Appearance: They are small to medium-sized passerines with dull-green or yellow plumage. Several species, like the shrike-vireos, have bright green feathers.
Diet: They eat insects, arthropods, and some fruit. And they forage by snatching prey from leaves.
Calls: Most have simple, monotonous songs.
Fun Fact: They construct cup-shaped nests that hang from tree branches.
Backyard Tip: Provide insect suet, mealworms, and cut-up fruit.
Location and Habitat: The gnatcatchers have a large distribution covering most of North and South America. They live in many habitats, including dry scrub, humid forest canopy, bushes, and trees.
Appearance: The gnatcatcher is another type of small bird with a long tail and a long sharp bill. Most species feature bluish-gray plumage with black head patterns.
Diet: They eat small insects, spiders, and other invertebrates.
Calls: They sing squeaky songs and have fast, sharp calls.
Fun Fact: They weigh less than a penny!
Backyard Tip: These birds do not typically visit backyard feeders. But they may stop by if you have suitable landscaping.
North American Buntings
Location and Habitat: North American buntings occur as far north as southern Canada and as far south as Ecuador. You can find these birds in thickets, woodland edges, shrubbery, and many suburban areas.
Appearance: These birds feature bright blue, red, and yellow plumage, but the females are brown with streaking. They also feature thick beaks, long tails, and large eyes with a bright eye ring.
Diet: They feed on insects, spiders, seeds, and berries.
Calls: They sing sweet short high-pitched whistle notes.
Fun Fact: The painted bunting is one of North America’s most colorful birds.
Backyard Tip: To attract North American buntings, plant seed-bearing flowers and place small seeds, like millet, nyger, and sunflower hearts, in a feeder.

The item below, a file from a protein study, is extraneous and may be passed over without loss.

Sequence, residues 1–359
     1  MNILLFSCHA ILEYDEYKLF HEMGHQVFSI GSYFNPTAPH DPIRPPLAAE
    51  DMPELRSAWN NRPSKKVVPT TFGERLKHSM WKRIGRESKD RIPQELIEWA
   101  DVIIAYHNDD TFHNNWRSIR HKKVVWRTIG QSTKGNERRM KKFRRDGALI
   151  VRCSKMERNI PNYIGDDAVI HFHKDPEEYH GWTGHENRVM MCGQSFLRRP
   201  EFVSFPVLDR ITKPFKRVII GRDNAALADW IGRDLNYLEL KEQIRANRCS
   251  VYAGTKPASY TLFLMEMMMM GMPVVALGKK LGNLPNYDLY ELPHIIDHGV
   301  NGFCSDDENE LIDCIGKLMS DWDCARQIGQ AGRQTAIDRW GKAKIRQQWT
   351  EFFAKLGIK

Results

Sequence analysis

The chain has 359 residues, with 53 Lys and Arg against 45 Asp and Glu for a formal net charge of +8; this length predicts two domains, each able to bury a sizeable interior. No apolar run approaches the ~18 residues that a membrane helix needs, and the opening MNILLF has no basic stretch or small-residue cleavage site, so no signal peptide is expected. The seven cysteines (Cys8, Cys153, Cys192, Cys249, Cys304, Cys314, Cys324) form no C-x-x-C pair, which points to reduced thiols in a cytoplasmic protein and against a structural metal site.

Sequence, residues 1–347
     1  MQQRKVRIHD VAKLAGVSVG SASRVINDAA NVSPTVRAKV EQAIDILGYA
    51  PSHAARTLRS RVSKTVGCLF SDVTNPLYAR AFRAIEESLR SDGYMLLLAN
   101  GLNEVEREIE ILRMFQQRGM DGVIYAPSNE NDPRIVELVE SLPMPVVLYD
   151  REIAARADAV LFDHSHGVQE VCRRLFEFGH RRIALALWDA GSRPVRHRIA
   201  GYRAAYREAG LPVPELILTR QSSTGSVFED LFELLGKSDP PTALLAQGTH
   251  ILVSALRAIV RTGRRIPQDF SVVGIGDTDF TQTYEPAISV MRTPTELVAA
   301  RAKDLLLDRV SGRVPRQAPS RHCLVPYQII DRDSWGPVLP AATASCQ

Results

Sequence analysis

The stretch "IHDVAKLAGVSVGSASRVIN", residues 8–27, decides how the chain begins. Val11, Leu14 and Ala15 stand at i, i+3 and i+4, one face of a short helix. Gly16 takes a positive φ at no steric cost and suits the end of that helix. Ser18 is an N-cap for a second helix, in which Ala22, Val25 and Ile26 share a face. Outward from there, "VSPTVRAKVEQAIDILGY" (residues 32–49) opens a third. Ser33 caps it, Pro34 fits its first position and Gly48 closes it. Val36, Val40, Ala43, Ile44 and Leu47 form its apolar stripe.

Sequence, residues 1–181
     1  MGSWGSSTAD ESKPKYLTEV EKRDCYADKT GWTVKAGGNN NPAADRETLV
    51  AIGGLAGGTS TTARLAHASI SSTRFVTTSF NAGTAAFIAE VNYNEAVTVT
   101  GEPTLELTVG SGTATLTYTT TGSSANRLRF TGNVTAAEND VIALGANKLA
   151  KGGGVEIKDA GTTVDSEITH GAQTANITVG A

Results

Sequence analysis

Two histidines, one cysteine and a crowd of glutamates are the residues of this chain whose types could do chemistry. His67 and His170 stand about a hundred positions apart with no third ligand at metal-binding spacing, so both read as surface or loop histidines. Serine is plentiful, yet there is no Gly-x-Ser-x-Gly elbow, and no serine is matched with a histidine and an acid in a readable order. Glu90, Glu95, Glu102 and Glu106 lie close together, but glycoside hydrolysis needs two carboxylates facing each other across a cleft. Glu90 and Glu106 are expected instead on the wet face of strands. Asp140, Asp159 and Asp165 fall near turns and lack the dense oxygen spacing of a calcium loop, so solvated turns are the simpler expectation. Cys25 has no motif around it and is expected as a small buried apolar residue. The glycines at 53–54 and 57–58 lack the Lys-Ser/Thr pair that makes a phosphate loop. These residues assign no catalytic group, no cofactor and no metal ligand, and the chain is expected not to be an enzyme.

Summary of 10 Types of Small Birds
|Name of Bird||Location||Habitat|
|Woodpecker||Almost everywhere except Antarctica, Australia, and Madagascar.||Woodlands, savannas, and scrublands.|
|Hummingbird||North and South America.||Humid forests mostly, but other habitats as well.|
|Finch||North America, South America, Europe, Asia, and Africa.||Wooded areas, but also mountains and deserts.|
|Chickadee||United States, Canada, and Mexico.||Forests, parks, woods, thickets, and groves.|
|Warbler||North and South America, but mostly in Central America.||Marshes, shrubland, old fields, and forests.|
|Kinglet||North America, Europe, Africa, and Asia.||Coniferous forests mostly but during migration in thickets, scrub, and suburban yards.|
|Wren||North and South America, particularly neotropics.||A variety including dry woodlands and lowland rainforests.|
|Vireo||Canada to northern South America.||Forest environments.|
|Gnatcatcher||North and South America.||A variety including dry scrub, humid forest canopy, bushes, and trees.|
|North American Bunting||Southern Canada to Ecuador.||Thickets, woodland edges, shrubbery, and many suburban areas.|
Thank you for reading! Have some feedback for us? Contact the AZ Animals editorial team.
- IUCN Redlist, Available here: https://www.iucnredlist.org/
- Cornell, Available here: https://www.birds.cornell.edu/home/